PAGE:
How to improve your parent-child relationship
Parenting can be hard work. From ensuring that your children have a roof over their heads, food in their stomach, friends to play with, an education, and a life path - it’s easy to get caught up in providing for (rather than connecting with) your children. Importantly, parent-child relationships form the template for future relationships that they will have with friends, partners, and their own children. Therefore, the attachment that you form with your child is something to pay close attention to. In this post we’ll look at the different types of attachment as well as 5 tips for strengthening the parent-child relationship.
A bit about attachment and relationships
Children with a secure attachment learn that they are loved and supported. They are encouraged to explore the world, feel secure enough in their bond with their parent to venture out, and are welcomed with open arms when they return.
Research suggests that a secure attachment in infancy is linked with greater sociability, better emotion regulation, higher self-esteem and greater empathy. From this secure base a child feels more comfortable navigating what lies ahead in life.
Sometimes, the process of forming a secure attachment can be interrupted. Perhaps you have a child that has been unwell, fussy, or quite difficult to settle. Perhaps you have struggled with ongoing stress, depression or anxiety. Or perhaps you’ve faced challenges in your relationship with your own parents and thus a secure attachment may feel uncomfortable.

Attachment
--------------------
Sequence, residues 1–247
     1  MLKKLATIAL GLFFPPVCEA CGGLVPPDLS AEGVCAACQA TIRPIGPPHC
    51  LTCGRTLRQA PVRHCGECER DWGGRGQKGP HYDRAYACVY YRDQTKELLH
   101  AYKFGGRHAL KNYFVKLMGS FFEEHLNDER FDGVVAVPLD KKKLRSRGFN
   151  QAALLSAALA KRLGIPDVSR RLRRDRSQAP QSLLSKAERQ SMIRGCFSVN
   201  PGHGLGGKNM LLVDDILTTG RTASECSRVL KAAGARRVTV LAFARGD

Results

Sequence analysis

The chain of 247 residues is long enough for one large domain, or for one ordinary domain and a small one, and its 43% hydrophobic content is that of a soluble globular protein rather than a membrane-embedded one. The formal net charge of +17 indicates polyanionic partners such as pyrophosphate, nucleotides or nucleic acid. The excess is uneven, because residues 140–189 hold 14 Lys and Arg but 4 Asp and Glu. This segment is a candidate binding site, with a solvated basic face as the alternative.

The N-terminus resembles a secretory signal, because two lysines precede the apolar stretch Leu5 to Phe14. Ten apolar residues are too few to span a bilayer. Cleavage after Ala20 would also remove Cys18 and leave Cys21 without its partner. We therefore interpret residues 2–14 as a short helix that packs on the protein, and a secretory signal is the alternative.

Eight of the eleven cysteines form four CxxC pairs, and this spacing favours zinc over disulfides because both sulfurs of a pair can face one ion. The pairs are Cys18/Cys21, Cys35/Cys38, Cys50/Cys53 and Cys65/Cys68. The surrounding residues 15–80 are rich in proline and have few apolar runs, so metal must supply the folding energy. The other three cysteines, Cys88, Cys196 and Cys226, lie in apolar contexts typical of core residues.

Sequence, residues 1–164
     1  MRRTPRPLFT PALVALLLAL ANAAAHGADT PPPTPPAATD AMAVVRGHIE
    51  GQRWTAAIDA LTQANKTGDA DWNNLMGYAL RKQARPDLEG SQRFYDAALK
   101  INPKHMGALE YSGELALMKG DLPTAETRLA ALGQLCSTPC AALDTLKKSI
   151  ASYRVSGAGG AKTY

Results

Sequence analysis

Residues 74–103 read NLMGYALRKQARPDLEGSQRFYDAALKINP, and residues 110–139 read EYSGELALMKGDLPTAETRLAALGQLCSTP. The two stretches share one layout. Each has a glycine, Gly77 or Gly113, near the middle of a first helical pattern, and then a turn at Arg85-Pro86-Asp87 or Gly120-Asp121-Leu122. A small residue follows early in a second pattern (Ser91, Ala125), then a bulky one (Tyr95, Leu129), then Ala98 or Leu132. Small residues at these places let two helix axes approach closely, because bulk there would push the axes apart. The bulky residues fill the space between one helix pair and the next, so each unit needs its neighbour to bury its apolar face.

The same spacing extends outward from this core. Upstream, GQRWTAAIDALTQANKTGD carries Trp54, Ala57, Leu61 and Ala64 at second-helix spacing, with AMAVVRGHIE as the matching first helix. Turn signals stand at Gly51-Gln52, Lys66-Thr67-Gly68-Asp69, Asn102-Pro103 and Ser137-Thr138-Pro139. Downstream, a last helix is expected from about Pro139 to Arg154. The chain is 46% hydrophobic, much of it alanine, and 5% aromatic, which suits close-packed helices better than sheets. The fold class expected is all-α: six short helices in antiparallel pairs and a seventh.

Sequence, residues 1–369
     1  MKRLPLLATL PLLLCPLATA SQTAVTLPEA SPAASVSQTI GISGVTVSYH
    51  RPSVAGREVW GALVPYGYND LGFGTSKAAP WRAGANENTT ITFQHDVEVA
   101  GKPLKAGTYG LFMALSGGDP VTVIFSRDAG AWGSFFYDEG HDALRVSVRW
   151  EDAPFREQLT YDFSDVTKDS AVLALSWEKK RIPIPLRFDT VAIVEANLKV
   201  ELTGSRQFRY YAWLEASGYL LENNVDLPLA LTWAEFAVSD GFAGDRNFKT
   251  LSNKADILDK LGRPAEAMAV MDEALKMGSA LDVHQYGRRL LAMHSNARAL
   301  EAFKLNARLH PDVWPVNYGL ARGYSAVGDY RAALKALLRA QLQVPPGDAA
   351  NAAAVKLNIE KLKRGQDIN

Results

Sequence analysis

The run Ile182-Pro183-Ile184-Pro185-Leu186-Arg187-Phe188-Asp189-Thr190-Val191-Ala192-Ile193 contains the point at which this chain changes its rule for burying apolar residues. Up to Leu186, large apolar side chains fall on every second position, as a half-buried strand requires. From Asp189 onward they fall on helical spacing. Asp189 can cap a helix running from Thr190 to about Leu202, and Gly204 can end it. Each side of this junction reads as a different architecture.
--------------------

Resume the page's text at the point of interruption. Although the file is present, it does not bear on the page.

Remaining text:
All these things can sometimes make it difficult for you to be the parent that you want to be, but regardless of your parent-child attachment there are things that you can work on to strengthen the relationship. Read on for our 5 tips for strengthening the parent-child relationship.
TIP 1: Take care of yourself
Taking care of yourself may seem counterintuitive at first given we’ve spoken at length about focusing on your child and the outcomes of attachment for your child. However, it’s important to remember that you play a role in the attachment too!
Just like being told to secure your own oxygen mask on the plane before your children’s, it’s important to ensure you are paying attention to, and responding to your own needs. After all, if the parents aren’t ok, how can we expect their little ones to be?
Feeling stressed and overwhelmed can affect your ability to handle the daily challenges of parenting, and leach into how you interact with your children. So, tune into your own needs, know how to meet them, and schedule time to meet these needs (rather than consider them as something to get around to doing ‘when you have a spare moment). In doing so, you not only develop greater capacity to handle the ups and downs of parenthood, but being calmer also provides a more solid and secure foundation for understanding and responding to your children’s needs.
TIP 2: Put yourself in their shoes
What are your children thinking? What are they feeling? What do they need from you? It can be hard to know what is going on for them, moment-to-moment. They can sometimes seem like a puzzle and it can take a few tries to find the piece that fits.
Sometimes our children’s behaviour can be a red-herring – masking what is really going on. Take, for example, a little boy who gets angry and lashes out when you’re trying to wind up an afternoon playdate in the park. His behaviour at that point can surely seem challenging, particularly as you’ve attempted to create a nice afternoon for him.